cartoon credit: Walt Handelsman
via US News and World Report / The New Orleans Advocate
Scott McKay at The American Spectator asks:
Do Lisa Murkowski, Rob Portman, and Shelley Moore Capito expect to ever get votes from Republican voters again?
Here’s a question: How long have Republicans been running for federal office on repealing Obamacare, in Senate Majority Leader Mitch McConnell’s terminology, “Root and branch”?
Answer: since 2010.
. . .
You would figure that with Donald Trump in the White House and Republican majorities in the House and Senate, repealing Obamacare would be a no-brainer.
OK, the repeal-and-replace angle could be harder to pull off. That’s understandable. There are lots of different kinds of Republicans, and it might be hard to get all of them to coalesce behind a single federal healthcare policy to replace it. Those of us whose studies of the American public sector have led to an understanding that the less federal healthcare policy there is the healthier the healthcare industry will be have a far simpler solution to that problem, but we are unfortunately not the majority — in the House, Senate or public. That’s a shame, and it’s a symptom of a larger civic disease, but that’s for another column in this space. There will be a replacement for Obamacare, and we can hope it’s less awful than what it stands in for.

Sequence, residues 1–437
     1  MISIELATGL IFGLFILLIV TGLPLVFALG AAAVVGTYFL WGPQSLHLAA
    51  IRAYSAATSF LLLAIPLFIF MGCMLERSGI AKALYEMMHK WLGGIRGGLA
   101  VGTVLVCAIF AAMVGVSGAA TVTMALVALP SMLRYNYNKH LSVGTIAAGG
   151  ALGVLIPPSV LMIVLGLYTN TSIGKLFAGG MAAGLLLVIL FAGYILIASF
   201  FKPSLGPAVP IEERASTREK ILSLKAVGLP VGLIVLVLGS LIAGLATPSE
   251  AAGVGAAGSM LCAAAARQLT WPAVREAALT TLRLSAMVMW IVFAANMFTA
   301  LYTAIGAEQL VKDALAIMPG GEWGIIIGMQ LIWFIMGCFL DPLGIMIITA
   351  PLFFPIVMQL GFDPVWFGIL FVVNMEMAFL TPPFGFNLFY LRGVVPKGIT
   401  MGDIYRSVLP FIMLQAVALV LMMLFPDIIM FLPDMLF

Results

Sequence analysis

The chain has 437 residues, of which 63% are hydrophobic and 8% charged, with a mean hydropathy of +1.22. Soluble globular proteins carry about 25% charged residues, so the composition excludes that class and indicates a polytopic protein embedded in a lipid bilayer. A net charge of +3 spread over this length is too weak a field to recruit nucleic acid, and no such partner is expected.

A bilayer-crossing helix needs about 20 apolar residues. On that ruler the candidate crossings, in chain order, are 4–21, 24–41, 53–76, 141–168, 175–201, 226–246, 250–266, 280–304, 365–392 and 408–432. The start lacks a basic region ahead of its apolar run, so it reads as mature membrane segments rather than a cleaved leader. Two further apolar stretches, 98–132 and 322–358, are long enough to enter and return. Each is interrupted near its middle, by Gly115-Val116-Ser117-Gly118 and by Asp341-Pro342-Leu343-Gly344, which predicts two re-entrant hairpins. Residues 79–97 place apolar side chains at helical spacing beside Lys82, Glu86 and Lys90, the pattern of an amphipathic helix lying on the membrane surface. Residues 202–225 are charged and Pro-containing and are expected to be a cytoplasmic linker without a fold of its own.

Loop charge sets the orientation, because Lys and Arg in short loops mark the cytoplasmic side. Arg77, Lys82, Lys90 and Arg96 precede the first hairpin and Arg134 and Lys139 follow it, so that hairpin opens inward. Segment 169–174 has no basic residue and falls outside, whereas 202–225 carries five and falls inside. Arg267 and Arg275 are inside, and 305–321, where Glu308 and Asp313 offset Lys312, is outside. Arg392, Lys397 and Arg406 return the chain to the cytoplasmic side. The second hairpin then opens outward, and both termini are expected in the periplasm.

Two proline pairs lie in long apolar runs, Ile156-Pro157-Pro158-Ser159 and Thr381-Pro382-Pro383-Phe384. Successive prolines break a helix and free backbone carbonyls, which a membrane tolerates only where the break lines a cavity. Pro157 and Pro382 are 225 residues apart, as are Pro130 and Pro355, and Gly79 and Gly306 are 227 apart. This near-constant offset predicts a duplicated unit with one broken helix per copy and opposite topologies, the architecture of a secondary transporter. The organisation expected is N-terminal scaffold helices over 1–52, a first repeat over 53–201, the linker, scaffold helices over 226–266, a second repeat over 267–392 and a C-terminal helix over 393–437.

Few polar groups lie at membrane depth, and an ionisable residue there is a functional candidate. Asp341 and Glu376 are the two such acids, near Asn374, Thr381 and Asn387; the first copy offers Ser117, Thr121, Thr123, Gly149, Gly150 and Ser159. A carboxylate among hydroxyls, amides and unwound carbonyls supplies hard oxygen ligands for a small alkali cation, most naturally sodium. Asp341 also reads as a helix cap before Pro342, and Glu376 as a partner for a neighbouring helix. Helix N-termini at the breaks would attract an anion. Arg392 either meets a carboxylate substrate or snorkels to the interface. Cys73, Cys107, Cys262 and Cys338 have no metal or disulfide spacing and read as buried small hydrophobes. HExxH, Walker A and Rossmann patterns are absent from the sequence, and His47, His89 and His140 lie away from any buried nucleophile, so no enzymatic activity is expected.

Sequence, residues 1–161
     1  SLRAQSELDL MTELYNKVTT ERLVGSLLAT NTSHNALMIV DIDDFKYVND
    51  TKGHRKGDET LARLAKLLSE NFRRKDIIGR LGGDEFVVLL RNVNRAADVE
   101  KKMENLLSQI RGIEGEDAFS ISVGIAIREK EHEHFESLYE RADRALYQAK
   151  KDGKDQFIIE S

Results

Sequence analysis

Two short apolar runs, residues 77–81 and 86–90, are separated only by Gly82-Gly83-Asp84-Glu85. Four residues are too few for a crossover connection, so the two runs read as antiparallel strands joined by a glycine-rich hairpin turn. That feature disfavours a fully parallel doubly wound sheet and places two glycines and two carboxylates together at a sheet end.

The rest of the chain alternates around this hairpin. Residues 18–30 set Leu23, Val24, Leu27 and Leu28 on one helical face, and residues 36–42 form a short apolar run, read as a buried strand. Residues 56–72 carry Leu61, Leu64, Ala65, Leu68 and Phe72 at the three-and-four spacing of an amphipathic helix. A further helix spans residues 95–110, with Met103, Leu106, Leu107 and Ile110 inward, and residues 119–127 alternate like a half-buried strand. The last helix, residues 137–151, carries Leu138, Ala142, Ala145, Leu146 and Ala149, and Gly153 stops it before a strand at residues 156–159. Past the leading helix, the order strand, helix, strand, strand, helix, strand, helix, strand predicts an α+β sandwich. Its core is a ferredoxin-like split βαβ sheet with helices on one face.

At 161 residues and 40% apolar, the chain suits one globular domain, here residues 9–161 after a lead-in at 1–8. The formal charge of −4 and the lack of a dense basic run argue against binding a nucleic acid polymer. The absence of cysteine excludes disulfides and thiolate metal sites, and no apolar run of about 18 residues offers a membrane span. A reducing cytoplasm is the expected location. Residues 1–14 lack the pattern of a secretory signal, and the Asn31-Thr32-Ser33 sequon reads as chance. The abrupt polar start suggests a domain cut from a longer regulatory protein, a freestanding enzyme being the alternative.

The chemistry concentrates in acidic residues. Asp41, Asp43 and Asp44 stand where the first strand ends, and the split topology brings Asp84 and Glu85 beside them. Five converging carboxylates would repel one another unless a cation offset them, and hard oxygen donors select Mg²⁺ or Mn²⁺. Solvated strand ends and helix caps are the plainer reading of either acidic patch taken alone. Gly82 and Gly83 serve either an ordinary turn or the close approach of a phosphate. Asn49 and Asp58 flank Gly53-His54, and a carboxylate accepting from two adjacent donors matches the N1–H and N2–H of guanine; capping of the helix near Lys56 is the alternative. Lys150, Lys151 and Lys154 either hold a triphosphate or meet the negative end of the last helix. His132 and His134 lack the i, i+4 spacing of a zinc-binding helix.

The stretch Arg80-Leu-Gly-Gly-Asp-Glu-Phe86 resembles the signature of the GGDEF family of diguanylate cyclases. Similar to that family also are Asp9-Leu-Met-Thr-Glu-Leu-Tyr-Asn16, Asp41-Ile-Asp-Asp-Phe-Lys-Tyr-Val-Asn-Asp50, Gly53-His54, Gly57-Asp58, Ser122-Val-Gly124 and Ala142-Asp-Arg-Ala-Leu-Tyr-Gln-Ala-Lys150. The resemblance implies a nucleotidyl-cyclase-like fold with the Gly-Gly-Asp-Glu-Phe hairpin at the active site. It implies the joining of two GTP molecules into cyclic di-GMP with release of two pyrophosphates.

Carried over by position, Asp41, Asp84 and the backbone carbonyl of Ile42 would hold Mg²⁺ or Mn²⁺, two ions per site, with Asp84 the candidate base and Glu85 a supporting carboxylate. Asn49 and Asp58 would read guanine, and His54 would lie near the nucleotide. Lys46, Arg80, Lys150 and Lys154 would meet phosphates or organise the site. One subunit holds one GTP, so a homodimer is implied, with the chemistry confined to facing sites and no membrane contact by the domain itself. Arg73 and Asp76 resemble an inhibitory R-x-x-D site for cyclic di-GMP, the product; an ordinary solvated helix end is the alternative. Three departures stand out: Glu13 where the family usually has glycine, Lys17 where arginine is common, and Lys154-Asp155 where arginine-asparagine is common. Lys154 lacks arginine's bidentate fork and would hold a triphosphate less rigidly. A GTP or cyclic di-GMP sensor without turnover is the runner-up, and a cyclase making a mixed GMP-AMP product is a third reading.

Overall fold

But when the Senate version of an Obamacare replacement foundered and McConnell announced the next step would be, early next week, an up-or-down vote for an Obamacare repeal now and the crafting of a replacement as a consensus for one emerges, that’s something an entire GOP caucus can vote for.
Minus Susan Collins, of course; Maine’s quote-unquote Republican Senator wouldn’t vote to repeal Obamacare back in 2015 when McConnell’s majority sent a bill doing just that to then-President Obama’s desk to die. But outside of Collins and Mark Kirk of Illinois, who is no longer in the Senate, the rest of the caucus was on board with the repeal.
And yet Alaska’s Lisa Murkowski, West Virginia’s Shelley Moore Capito, and Ohio’s Rob Portman have now joined Collins in announcing they won’t support a repeal when the vote comes up next week.
What is wrong with these people?
Capito laced her announcement with a special bit of arsenic for Republican voters. “I didn’t come to Washington to hurt people,” she said.
No, Senator, apparently you came to Washington to lie to people.
. . .